For example, 17 minus 9 is more easily calculated if the child thinks of 17-10 first, and then adds one. First take the 10 away on the top row and then add the 1 to the bottom row.

The correct answer of 8 is easily seen with the 5 white beads and 3 red beads. In initial teaching, you could also have the student take 9 away to see that the answer is the same.

Multiplication Facts

Since the Renerek only has 20 beads, it probably isn’t the most practical tool for teaching multiplication facts to high school students. When I teach multiplication, I start with skip counting using the songs from Multiplication Unplugged. Although I own the digital download, I just noticed that the entire selection can be streamed from amazon for FREE with a prime membership (was available on 4/15/19 for free, but may be subject to change without notice).

Younger students may benefit from using the renerek to practice multiplication using skip counting. For example, to calculate 5×7, the student could make 7 on the renerek and then count by 5s with those 7 beads.

Once the concept of multiplication is understood, I teach fact memorization using Times Tales. Times Tales teaches stories in video format to help students memorize the more difficult math facts. A digital version is also available for purchase on the Times Tales website. In addition, Times Tales has an app on iTunes. I haven’t tried the app yet and cannot comment on its quality in comparison to the digital downloads I have previously used.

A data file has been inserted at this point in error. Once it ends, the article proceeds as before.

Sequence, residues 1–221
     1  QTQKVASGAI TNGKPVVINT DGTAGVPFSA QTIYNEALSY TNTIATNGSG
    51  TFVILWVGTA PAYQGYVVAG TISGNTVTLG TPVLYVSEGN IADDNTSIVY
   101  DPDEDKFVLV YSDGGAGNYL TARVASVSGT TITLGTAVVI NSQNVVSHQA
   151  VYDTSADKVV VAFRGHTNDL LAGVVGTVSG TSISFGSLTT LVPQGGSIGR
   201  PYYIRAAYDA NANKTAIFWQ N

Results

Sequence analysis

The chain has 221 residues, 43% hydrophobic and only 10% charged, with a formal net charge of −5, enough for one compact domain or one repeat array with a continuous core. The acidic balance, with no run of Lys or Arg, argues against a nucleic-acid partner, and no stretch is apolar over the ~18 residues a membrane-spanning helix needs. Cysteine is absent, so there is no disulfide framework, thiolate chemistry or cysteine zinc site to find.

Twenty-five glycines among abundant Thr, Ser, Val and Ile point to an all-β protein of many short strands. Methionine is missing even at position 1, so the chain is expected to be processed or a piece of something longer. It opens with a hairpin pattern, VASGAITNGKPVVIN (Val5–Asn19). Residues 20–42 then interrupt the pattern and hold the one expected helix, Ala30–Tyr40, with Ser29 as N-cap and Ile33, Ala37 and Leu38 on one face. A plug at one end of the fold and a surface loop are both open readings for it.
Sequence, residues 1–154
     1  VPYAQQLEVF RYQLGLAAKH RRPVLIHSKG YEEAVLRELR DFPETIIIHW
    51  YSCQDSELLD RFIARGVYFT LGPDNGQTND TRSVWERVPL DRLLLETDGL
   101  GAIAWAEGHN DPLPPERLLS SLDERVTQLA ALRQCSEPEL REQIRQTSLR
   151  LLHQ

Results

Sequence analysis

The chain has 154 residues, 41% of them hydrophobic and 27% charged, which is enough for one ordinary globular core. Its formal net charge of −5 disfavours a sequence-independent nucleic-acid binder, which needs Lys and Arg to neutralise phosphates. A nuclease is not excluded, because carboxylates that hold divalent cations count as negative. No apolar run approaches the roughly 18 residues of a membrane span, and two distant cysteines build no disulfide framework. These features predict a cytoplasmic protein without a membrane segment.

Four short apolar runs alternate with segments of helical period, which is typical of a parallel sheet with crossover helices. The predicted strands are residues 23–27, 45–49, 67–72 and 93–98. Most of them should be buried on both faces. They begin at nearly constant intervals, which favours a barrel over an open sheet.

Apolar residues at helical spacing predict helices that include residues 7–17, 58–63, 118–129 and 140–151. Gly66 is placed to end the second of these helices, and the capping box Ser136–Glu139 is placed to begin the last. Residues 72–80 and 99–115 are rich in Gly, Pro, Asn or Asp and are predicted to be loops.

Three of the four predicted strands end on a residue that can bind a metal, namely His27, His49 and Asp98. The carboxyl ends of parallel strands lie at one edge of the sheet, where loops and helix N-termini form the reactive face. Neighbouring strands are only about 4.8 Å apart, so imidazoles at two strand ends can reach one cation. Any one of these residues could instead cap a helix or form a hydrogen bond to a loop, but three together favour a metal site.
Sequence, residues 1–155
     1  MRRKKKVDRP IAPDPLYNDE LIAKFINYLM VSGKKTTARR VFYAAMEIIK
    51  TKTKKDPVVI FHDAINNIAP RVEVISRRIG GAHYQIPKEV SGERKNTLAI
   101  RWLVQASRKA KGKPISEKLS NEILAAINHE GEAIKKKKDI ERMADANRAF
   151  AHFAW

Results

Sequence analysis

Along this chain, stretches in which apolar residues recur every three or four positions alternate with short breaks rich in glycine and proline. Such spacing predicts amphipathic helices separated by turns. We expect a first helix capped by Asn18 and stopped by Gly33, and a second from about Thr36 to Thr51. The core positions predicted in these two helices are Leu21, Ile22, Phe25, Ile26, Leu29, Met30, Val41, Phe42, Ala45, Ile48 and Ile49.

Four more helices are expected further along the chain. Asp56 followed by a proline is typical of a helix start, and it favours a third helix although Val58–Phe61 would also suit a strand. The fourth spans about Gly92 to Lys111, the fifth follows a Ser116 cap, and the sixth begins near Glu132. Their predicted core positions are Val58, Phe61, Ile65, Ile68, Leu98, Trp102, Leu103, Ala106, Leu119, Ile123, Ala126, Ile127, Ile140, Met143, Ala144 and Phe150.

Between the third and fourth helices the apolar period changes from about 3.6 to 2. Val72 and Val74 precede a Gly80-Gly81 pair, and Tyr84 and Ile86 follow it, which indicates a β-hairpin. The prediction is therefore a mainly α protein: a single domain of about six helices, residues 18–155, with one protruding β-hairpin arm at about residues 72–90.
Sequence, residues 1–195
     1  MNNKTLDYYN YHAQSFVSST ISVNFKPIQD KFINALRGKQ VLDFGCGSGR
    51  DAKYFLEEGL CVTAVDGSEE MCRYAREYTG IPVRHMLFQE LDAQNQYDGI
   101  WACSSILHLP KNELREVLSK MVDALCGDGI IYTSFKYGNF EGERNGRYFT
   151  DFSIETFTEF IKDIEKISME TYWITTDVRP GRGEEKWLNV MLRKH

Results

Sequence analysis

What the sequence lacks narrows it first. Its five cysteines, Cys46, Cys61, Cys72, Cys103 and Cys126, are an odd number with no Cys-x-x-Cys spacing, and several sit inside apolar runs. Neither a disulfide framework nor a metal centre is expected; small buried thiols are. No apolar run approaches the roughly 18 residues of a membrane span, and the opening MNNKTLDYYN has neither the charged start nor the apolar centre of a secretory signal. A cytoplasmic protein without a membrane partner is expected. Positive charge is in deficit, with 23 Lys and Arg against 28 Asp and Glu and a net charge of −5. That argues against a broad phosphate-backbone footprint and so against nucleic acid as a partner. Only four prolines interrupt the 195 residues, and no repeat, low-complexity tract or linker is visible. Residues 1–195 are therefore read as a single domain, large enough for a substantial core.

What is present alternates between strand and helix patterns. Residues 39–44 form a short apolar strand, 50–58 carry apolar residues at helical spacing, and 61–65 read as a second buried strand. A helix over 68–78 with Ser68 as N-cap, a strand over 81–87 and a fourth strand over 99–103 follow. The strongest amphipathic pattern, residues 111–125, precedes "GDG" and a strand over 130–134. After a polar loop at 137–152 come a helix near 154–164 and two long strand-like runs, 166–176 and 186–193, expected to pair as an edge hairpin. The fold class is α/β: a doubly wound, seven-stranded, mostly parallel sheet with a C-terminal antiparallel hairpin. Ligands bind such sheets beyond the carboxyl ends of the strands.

With high school students, they may think songs or videos are too immature. At the same time, some students might have a lot of success if they are motivated to learn their multiplication facts that will help them calculate their higher level math problems more fluently. Parents may also be willing to buy and/or encourage their freshman to use these resources to build missing math fact skills.

Basic Algebra Problems

Some basic algebra concepts could also be demonstrated and practiced with a renerek. The Hands on Equations curriculum uses manipulatives to teach children to solve linear equations. A renerek can be used in a similar way to represent unknown variables, such as x.

Sample problem:

In the equation, 2x + x = x + 8, use the top row to represent the left side of the equation and the bottom bead row to represent the right. For known whole numbers (e.g., 8), either use a 10-sided die like I did in the photograph above, or use a number card.






To balance the equation, take away one x from each side. Now you have 2x = 8.

Divide each side by 2, and you are left with 1x = 4.


Although a renerek is generally used in the primary grades, it can be helpful in teaching math fact calculation strategies and simple algebra to young teens.

Ask Me Monday

This blog post is part of my Ask Me Monday series. CLICK HERE to learn more about Ask Me Monday.

To submit a question for Ask Me Monday, send an e-mail to dr.redhair@learnwithemily.com. Please put “Ask Me Monday” in the subject line.